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Archaeologist Featured in National Geographic and NOVA

Professor Carl Lipo poses in front of a Rapa Nui statue

Professor Carl Lipo poses in front of a Rapa Nui statue. Photo courtesy of Carl Lipo

After 10 years of research, archaeology Professors Carl Lipo of CSULB and Terry Hunt of the University of Hawai’i at Manoa published their investigations of the Easter Island (Rapa Nui) civilization in the book The Statues That Walked, which led to a July National Geographic magazine cover story and a NOVA/National Geographic TV documentary that aired in November.

Rapa Nui once contained lush forests and later experienced an ecological and social collapse, but Lipo and Hunt discovered strong evidence that the destruction was largely the result of rats that came aboard early Polynesian settlers’ boats rather than from inhabitants overcutting trees. And, over time, natives’ contact with Europeans exacerbated the island’s downfall.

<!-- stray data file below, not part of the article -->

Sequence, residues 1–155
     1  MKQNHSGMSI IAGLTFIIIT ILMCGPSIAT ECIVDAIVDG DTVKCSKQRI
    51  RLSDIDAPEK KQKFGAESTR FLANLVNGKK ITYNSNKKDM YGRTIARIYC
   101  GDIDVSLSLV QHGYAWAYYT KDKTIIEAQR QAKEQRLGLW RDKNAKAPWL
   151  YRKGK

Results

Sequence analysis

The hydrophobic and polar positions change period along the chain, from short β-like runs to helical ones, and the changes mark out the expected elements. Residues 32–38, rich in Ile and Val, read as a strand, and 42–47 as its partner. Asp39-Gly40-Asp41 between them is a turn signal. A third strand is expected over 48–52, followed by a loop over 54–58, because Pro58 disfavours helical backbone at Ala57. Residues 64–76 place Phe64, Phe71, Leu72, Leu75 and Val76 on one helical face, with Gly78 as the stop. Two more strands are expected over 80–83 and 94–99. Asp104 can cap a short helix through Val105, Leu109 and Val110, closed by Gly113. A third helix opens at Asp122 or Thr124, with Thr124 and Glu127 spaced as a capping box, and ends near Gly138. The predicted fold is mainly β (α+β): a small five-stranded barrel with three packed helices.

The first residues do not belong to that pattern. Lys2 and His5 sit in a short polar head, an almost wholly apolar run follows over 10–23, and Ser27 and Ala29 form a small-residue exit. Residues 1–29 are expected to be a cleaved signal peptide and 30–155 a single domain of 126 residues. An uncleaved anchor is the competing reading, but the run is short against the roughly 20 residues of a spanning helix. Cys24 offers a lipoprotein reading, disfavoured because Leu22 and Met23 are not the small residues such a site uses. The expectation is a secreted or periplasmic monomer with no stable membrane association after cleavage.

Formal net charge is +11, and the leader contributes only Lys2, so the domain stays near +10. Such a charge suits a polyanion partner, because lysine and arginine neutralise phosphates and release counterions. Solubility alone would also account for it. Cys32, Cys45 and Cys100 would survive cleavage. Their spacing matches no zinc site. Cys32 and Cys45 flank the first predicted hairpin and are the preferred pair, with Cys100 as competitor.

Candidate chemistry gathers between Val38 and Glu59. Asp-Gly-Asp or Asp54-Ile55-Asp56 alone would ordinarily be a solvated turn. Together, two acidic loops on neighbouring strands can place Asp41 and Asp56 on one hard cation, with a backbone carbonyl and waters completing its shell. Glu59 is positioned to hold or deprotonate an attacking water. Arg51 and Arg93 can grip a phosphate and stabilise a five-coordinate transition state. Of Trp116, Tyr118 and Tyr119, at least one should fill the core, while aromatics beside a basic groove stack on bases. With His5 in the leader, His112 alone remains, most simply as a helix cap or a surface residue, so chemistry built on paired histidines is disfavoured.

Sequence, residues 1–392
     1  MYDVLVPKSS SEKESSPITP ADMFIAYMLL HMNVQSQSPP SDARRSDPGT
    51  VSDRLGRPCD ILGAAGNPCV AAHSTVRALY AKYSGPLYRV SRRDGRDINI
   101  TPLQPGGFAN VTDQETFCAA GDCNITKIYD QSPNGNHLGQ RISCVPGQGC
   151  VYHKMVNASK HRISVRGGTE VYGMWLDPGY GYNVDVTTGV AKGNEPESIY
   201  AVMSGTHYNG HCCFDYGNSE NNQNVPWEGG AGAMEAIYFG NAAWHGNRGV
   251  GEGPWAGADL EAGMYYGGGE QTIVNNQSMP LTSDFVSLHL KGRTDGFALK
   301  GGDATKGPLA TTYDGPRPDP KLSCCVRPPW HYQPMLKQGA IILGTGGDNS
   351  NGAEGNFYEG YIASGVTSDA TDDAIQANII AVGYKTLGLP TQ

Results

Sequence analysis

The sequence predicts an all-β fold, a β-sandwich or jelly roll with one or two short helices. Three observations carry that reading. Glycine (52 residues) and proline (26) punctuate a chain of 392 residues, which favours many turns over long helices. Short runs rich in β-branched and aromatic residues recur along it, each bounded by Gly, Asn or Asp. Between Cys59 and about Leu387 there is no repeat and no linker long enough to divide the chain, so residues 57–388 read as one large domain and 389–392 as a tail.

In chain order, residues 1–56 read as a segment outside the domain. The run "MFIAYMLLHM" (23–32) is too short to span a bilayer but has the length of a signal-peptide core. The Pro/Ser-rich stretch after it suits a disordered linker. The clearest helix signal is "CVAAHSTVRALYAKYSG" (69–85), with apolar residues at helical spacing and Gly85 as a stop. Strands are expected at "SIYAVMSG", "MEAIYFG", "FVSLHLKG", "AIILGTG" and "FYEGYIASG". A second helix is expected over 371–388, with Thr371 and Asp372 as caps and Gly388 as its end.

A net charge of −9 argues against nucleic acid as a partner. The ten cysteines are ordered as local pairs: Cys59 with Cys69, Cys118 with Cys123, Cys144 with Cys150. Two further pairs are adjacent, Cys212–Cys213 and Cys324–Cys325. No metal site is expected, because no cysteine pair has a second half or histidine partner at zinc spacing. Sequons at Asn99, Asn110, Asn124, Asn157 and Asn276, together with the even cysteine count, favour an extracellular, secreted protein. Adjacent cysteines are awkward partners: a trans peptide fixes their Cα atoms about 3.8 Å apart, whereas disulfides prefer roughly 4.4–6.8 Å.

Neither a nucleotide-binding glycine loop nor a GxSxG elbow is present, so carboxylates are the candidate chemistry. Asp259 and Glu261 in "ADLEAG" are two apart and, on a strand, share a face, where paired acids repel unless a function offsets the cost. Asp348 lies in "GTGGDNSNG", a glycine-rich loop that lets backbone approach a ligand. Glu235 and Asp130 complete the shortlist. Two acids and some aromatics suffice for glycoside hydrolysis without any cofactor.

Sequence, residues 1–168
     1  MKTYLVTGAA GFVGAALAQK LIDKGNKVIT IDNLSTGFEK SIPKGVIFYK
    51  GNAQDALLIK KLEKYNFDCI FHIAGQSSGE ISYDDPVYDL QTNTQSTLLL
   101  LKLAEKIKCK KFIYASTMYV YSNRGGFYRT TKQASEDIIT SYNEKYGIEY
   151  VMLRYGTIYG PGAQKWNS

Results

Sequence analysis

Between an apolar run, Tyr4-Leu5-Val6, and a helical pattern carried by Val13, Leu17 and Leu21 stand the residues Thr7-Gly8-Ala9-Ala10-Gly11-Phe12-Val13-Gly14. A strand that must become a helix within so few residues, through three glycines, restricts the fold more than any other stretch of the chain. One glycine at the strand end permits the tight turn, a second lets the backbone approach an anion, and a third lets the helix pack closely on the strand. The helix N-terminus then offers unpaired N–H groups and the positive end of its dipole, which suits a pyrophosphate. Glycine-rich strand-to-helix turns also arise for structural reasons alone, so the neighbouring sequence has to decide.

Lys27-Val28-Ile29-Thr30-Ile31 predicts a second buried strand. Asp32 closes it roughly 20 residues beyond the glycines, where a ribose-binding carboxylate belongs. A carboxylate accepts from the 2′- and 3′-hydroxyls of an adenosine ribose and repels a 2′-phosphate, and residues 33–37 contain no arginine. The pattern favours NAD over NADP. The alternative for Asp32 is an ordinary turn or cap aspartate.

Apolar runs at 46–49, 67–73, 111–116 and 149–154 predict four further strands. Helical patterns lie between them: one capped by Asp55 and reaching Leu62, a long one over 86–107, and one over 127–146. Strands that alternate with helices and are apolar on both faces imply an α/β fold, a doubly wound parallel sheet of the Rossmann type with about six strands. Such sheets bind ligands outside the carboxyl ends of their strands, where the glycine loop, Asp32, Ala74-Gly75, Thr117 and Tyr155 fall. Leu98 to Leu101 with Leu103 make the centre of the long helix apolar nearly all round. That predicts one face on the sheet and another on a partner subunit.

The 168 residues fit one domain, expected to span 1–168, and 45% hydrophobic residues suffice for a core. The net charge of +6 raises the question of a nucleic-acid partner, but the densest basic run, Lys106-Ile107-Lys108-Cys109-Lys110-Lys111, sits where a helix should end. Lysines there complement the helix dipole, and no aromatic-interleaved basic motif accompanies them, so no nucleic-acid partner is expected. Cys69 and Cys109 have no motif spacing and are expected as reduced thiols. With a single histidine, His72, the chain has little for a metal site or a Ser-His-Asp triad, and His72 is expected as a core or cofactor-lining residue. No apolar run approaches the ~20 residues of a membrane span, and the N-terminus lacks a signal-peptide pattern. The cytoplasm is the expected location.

Another key finding is that island residents likely moved iconic moai statues by a back-and-forth “walking” motion rather than on tree trunk rollers as other scientists proposed.

“What we found is that the statues found in transport along prehistoric roads have features that could only be explained if the statues were standing and being moved before falling over,” Lipo said. Through an experiment funded by National Geographic’s Expedition Council using a replica moai, “To our great amazement, it worked: the statue walked!”

Lipo said he and Hunt will continue their Rapa Nui research, which also involves students from both
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